Politics

EXCLUSIVE: Democratic Senator Hopes Liberal Dark Money Groups Donate To His Campaign

REUTERS/Aaron P. Bernstein

Democratic Rhode Island Sen. Sheldon Whitehouse admitted on tape that he is willing to accept campaign donations from so-called “dark money” groups, as long as they have a progressive bent.

A reporter asked Whitehouse about his stance on dark money as the flustered senator made his way through the Hart Senate Office building in Washington, D.C.

Whitehouse reiterated that he believes “any dark money group” should have to publicly disclose its donations, but vaguely claimed that some groups are more “transparent” about their donations than others. (RELATED: Senator Whitehouse: Dems Will Investigate Kavanaugh And FBI ‘As Soon As Democrats Get Gavels’)

Whitehouse was asked specifically about “liberal dark money” groups such as Demand Justice and League of Conservation Voters, Whitehouse admitted that he hoped they would donate to his campaign. Whitehouse was easily re-elected in 2018 and has served as Rhode Island’s junior senator since 2007.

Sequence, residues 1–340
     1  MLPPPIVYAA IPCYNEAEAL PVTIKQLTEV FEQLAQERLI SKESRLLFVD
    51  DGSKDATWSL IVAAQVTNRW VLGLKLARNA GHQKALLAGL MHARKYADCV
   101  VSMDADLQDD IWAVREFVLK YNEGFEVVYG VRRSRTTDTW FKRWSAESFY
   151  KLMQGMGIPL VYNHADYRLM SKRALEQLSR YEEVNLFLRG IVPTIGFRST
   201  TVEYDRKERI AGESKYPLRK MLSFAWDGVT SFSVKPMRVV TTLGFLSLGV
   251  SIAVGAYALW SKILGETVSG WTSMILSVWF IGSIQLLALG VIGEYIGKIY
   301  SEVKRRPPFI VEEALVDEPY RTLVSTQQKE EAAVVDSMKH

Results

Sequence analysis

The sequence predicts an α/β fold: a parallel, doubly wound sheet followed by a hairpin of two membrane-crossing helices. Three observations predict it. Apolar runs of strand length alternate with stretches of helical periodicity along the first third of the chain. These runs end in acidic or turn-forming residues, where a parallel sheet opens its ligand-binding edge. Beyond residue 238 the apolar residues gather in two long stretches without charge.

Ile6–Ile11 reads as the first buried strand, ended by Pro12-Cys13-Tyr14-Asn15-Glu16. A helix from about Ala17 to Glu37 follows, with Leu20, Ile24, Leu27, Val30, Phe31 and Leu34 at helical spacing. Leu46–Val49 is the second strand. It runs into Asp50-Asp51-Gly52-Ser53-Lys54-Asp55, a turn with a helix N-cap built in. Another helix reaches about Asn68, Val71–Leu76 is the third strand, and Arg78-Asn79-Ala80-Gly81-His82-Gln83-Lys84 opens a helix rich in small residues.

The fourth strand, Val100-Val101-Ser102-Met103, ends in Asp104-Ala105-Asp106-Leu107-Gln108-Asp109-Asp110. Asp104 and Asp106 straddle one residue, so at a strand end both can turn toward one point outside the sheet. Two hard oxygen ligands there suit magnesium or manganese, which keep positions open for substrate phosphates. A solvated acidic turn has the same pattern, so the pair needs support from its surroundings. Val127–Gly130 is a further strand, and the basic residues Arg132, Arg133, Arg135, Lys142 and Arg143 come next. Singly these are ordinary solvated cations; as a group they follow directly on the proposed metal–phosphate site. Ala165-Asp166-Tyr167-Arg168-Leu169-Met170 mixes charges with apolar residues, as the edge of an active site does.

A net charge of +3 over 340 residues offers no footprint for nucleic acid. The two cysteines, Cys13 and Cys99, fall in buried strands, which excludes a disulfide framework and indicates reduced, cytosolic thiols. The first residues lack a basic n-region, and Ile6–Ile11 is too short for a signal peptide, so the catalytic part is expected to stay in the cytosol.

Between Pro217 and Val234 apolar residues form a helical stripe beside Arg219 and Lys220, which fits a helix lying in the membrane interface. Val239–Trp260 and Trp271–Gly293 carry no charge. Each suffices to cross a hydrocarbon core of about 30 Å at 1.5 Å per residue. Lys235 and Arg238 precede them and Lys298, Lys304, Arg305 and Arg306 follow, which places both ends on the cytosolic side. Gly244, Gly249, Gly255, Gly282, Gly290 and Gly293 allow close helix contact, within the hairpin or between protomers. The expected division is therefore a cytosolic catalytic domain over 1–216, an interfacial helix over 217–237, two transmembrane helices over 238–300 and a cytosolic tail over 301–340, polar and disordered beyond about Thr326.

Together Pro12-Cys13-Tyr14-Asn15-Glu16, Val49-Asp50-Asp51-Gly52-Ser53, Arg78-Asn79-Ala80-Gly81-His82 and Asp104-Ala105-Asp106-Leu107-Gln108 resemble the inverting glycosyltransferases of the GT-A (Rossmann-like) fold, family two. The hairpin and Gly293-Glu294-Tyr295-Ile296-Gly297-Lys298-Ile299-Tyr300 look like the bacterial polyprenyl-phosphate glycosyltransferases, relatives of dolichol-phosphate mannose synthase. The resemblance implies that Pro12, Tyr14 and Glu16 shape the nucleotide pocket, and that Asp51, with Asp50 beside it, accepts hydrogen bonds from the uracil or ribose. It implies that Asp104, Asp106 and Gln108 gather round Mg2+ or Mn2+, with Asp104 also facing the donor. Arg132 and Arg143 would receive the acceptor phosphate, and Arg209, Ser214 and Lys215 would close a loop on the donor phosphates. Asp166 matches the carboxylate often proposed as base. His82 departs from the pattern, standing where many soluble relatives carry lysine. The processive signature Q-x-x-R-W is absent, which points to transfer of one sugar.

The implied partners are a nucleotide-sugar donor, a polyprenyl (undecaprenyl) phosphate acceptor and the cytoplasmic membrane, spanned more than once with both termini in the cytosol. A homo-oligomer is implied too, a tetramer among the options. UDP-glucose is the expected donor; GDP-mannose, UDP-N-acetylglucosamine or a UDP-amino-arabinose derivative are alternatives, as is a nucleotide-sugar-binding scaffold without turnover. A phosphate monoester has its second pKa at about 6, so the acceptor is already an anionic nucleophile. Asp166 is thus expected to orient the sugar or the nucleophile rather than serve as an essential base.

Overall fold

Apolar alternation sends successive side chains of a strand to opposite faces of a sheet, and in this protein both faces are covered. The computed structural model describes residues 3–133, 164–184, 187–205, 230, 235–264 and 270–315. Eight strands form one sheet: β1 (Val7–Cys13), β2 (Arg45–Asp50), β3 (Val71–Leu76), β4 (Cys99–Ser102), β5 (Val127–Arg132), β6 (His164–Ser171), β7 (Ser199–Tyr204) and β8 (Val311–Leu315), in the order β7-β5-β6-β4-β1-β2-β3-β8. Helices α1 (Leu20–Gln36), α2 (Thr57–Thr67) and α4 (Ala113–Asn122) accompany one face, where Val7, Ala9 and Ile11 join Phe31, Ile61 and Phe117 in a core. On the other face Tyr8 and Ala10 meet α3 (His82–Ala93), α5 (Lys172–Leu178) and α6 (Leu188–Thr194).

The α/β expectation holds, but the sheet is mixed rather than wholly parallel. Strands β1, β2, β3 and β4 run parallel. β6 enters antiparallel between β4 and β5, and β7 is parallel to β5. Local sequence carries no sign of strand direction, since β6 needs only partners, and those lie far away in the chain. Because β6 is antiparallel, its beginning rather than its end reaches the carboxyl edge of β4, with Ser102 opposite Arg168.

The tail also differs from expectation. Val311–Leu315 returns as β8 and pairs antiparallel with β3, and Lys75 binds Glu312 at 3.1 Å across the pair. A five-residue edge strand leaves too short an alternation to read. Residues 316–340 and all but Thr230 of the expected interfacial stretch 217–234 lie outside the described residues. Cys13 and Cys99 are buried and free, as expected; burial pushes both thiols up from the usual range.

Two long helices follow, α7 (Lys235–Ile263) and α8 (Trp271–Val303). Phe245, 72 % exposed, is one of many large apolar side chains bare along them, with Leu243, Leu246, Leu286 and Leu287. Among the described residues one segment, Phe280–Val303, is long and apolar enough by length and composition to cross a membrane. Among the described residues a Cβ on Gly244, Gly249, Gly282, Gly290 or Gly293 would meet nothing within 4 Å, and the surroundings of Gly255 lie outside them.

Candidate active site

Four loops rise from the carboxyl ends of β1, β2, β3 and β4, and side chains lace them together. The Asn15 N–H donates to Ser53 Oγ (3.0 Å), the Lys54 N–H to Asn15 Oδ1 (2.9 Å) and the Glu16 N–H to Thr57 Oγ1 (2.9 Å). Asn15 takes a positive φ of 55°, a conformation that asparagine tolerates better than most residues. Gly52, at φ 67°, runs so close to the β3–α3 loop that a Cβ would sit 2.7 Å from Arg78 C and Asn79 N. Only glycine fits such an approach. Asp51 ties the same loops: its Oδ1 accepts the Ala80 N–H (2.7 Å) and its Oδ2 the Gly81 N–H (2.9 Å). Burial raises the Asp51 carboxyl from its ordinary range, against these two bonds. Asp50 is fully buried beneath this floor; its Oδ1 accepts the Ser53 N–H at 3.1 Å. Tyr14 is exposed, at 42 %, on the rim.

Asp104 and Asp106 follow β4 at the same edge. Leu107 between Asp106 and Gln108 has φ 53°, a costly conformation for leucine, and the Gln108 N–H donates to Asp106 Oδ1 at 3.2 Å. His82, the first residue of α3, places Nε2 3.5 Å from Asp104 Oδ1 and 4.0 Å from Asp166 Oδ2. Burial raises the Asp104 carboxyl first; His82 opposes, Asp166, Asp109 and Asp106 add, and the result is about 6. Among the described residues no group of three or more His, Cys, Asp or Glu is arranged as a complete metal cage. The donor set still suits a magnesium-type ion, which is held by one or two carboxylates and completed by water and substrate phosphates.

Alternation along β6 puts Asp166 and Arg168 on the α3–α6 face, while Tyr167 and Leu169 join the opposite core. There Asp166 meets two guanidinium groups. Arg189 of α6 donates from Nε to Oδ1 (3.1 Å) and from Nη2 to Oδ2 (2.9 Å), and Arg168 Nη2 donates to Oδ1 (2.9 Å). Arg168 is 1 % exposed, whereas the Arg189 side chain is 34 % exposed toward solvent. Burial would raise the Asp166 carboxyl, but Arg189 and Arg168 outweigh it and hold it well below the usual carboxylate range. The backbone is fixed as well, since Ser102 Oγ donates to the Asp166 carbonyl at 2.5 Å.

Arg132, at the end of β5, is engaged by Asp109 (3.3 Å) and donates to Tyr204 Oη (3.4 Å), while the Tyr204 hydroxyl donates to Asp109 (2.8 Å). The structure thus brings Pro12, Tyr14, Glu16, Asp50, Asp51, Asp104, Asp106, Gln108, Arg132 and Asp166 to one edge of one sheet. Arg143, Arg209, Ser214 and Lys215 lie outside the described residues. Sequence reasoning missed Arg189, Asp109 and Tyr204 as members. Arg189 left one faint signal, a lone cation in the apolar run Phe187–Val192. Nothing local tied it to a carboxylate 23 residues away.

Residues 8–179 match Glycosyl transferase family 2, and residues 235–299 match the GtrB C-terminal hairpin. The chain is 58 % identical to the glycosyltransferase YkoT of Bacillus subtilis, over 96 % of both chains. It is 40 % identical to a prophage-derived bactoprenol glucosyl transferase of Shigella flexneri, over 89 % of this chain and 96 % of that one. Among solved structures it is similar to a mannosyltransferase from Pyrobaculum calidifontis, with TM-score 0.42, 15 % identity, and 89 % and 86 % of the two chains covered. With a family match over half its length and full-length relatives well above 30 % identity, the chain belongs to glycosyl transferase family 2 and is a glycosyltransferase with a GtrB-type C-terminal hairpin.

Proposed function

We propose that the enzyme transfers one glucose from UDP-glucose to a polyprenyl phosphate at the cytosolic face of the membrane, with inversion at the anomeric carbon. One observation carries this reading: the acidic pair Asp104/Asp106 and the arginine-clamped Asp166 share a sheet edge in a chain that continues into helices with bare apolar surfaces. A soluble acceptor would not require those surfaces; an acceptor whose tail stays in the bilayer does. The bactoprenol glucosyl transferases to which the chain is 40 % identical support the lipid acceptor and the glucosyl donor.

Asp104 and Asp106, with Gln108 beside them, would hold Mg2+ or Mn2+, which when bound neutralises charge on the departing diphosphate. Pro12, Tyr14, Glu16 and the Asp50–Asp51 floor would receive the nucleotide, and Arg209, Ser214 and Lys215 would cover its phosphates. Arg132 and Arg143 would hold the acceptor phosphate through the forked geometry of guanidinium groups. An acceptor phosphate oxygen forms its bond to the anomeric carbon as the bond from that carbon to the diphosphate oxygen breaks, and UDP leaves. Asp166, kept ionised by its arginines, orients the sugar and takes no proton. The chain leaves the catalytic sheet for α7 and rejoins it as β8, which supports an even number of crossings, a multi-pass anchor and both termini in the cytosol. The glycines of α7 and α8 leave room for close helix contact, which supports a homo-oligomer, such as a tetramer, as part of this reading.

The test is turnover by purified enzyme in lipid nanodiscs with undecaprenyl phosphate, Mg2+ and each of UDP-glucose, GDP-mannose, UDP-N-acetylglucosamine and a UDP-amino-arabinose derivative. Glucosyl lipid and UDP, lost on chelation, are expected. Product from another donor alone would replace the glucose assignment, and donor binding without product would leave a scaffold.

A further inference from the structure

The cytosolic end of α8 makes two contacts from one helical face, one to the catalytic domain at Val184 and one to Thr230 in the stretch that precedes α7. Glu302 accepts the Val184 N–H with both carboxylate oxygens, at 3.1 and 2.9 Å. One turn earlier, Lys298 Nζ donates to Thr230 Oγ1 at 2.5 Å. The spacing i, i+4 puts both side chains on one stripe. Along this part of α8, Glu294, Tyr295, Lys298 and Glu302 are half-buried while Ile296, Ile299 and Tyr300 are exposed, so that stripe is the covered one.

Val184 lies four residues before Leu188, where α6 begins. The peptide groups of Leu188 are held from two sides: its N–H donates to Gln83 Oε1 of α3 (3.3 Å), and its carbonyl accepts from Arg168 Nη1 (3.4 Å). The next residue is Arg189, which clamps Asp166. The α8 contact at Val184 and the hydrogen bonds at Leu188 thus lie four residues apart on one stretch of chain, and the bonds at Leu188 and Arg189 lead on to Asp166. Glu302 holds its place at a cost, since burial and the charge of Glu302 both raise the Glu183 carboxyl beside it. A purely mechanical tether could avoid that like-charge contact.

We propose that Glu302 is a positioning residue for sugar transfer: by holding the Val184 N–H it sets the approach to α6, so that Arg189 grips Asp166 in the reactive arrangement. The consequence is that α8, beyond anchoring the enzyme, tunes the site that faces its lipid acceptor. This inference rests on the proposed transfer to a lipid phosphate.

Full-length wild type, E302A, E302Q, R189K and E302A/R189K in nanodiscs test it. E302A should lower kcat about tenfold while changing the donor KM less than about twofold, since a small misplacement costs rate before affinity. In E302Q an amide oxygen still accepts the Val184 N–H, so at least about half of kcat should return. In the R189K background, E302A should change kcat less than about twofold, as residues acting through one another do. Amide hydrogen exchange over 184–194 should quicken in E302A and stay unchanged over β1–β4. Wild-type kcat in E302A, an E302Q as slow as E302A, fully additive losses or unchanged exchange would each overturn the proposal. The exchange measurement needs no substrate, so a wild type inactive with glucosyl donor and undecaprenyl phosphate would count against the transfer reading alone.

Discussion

Sen. Sheldon Whitehouse, D-R.I., listens to testimony by Dr. Christine Blasey Ford during the Senate Judiciary Committee hearing on the nomination of Brett M. Kavanaugh to be an associate justice of the Supreme Court of the United States, focusing on allegations of sexual assault by Kavanaugh against Christine Blasey Ford in the early 1980s. Sen. Orrin Hatch, R-Utah, also appears, in Washington, DC, U.S., September 27, 2018. Picture taken September 27, 2018. Tom Williams/Pool via REUTERS

Sen. Sheldon Whitehouse, D-R.I., listens to testimony by Dr. Christine Blasey Ford during the Senate Judiciary Committee hearing on the nomination of Brett M. Kavanaugh… Tom Williams/Pool via REUTERS

Whitehouse is a member of the Senate Judiciary Committee and was a staunch critic of conservative groups that backed Justice Brett Kavanaugh’s nomination to the Supreme Court, specifically the Judicial Crisis Network which ran ads during Kavanaugh’s contentious confirmation process.

“Secret money campaigns have politicized the judicial nomination process and cast a cloud over recent nominees,” Whitehouse said at the time. A multi-million dollar advertising campaign supporting a Supreme Court nominee further exacerbates the perception that corporate special interests have captured this Supreme Court.

Whitehouse has also been a fierce critic of the Supreme Court’s decision in the 2010 Citizens United v. FEC case.

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